Susan Spicer is the chef and owner of Bayona (and owner of Herbsaint and Cobalt) in New Orleans. Located in the heart of the French Quarter, Bayona is a nationally acclaimed restaurant featuring the flavors of the Mediterranean while incorporating tastes from around the world. Herbsaint is an upscale bistro offering contemporary French and American cuisine. And the focus of Cobalt, the most recent of Spicer’s ventures, is contemporary Southern food.
What is your favorite seafood to eat?
Fresh crabs and crawfish.
What is your favorite seafood to prepare at the restaurant?
Shrimp. That’s because Louisiana is a very shellfish-friendly place. Oysters are also another favorite.
What's the most popular seafood dish on your menu?
It would have to be shrimp. We do a grilled shrimp appetizer that’s our best seller.
How did you get interested in the issue of sustainable seafood?
Mainly through the Chef's Collaborative. But I also gained a general awareness of the issues by having been a chef for twenty-something years and through talking with seafood purveyors. I’ve become very aware of the dwindling supply of seafood.
Specifically, how important is salmon to you and to your restaurant? Salmon is one of those fish that’s available all the time now, so you’ll find it on many menus, including ours. I prefer to use the Pacific wild salmon
How would you describe your philosophy on ocean conservation?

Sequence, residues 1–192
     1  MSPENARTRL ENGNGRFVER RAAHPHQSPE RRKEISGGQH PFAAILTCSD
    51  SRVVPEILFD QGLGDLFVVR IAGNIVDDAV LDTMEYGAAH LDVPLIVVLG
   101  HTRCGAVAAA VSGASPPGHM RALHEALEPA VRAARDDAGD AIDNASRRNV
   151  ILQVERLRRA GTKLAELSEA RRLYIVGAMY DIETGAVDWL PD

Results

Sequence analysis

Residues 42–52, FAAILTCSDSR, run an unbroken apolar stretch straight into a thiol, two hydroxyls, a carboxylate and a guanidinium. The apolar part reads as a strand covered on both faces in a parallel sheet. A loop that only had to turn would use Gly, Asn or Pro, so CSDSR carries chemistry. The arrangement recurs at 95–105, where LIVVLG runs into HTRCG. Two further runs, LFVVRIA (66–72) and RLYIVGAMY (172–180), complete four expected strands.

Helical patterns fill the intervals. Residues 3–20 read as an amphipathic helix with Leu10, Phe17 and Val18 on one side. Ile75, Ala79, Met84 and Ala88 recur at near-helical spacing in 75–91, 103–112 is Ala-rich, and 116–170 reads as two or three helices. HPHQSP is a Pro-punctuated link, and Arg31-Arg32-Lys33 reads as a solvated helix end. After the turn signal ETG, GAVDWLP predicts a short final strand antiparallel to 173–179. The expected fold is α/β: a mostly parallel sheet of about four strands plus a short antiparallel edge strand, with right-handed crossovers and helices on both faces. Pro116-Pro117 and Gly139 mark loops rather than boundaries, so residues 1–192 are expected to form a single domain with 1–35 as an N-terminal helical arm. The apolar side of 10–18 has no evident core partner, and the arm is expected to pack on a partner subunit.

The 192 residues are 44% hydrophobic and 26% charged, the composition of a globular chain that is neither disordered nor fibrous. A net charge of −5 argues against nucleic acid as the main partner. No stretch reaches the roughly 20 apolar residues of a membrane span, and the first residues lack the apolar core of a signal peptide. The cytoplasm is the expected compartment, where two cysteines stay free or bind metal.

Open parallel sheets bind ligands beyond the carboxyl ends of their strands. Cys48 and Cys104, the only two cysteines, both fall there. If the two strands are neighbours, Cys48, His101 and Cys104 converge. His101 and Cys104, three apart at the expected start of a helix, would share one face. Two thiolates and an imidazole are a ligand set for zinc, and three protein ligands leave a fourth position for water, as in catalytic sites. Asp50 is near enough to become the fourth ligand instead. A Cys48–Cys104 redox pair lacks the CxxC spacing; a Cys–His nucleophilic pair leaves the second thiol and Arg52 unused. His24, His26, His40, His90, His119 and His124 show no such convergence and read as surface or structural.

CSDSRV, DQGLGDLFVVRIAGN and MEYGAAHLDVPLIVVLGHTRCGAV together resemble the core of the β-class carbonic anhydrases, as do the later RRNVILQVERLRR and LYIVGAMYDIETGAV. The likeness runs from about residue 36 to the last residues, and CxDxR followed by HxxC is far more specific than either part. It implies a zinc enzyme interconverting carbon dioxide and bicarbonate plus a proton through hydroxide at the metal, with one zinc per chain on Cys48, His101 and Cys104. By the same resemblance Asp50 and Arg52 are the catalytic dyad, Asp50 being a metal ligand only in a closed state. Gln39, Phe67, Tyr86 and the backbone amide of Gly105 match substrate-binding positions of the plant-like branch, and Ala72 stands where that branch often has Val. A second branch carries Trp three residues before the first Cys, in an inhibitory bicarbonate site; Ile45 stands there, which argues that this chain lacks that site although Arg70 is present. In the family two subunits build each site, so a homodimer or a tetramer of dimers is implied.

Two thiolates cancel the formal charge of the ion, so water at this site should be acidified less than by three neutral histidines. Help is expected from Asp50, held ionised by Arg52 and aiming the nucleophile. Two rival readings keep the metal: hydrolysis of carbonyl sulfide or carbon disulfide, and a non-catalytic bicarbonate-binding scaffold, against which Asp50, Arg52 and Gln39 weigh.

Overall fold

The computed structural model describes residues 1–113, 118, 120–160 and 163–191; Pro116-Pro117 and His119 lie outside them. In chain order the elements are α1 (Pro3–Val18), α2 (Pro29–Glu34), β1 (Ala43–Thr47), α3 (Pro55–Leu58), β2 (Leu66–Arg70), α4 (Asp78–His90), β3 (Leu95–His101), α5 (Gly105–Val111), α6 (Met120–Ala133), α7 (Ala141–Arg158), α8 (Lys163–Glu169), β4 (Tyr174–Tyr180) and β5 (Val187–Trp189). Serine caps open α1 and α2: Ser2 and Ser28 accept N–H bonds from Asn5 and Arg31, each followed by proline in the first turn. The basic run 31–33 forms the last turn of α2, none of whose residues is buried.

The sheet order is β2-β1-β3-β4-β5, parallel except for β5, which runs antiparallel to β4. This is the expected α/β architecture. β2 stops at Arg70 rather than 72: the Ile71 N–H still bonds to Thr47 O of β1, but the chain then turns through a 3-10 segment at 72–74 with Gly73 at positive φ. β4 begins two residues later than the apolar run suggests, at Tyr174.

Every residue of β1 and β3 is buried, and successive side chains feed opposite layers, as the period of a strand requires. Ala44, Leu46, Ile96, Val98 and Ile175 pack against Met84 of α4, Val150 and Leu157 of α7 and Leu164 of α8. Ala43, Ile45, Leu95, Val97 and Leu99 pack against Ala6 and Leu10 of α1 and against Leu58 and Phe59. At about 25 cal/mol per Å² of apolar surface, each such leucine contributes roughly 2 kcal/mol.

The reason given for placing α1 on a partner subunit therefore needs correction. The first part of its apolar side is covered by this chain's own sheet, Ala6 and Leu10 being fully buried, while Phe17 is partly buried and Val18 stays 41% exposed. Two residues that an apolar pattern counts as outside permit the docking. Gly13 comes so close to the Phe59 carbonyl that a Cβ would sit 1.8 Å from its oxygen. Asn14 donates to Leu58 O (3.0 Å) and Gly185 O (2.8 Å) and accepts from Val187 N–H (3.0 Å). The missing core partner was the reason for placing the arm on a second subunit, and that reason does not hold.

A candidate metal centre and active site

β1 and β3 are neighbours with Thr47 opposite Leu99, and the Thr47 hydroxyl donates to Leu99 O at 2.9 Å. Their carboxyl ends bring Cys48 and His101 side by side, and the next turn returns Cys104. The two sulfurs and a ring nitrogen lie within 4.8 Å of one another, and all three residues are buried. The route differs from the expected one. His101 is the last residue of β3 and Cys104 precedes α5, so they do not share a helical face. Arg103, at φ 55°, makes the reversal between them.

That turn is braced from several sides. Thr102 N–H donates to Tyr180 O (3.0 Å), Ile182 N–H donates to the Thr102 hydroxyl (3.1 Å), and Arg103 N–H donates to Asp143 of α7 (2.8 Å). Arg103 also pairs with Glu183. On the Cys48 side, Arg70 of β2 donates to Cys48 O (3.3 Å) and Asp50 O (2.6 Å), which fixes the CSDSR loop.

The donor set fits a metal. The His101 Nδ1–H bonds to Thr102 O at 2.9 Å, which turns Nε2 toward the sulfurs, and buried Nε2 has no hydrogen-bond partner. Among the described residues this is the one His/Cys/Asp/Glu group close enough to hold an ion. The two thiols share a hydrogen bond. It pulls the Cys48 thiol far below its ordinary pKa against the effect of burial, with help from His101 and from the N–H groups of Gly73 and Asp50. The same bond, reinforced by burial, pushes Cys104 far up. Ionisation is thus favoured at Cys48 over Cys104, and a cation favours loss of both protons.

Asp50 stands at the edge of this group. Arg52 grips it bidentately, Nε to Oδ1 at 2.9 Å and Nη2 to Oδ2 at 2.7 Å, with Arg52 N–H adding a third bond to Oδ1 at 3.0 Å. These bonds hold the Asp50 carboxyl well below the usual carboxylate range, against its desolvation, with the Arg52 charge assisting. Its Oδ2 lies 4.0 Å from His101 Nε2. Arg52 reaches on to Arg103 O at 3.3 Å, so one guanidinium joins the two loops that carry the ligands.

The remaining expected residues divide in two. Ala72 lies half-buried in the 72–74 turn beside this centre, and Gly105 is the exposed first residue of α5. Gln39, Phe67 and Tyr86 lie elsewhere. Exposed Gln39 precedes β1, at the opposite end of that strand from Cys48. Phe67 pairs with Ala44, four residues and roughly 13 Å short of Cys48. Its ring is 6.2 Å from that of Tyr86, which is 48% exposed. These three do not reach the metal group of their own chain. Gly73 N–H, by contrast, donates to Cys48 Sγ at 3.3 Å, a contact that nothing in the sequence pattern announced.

I am concerned about the ocean; my philosophy focuses on trying to work with the underutilized species.
How has your philosophy changed what fish you serve at your restaurant?
It has affected it. Some of the changes have been enforced, while some have been by choice. For example, when redfish was overfished here in the Gulf area, we started looking at using underutilized types of fish. So that was kind of a forced issue, because they had outlawed the redfish for commercial use. In terms of a more voluntary change, we stopped serving swordfish for an extended period of time during the “Give Swordfish a Break” campaign.
Have your diners noticed?
Yes, I think they have. I mainly try to communicate my philosophy through what I serve, but I also talk to my customers about it.
Do you feel it limits what you can offer?
No. I prefer to see it as more of a creative challenge. It’s more fun to think of it that way. We’ve begun to use many different types of seafood down here, such as sheephead. You have to be a little bit creative in order to sell some of these other types of seafood.
Have your seafood purveyors worked with you on getting sustainably caught seafood?
Not as much as I would like them to. I feel like the purveyors here in New Orleans could be a bit more cosmopolitan in their thought process. I have invited my purveyors here to talk about some of these issues, though.
Why do you support Seafood Choices Alliance?
Because I think that being a chef today is about more than just getting in the kitchen and cooking. I think, unfortunately, that with our limited world resources, we’re obliged as part of our local as well as global community to stay up-to-date on what the situation is.
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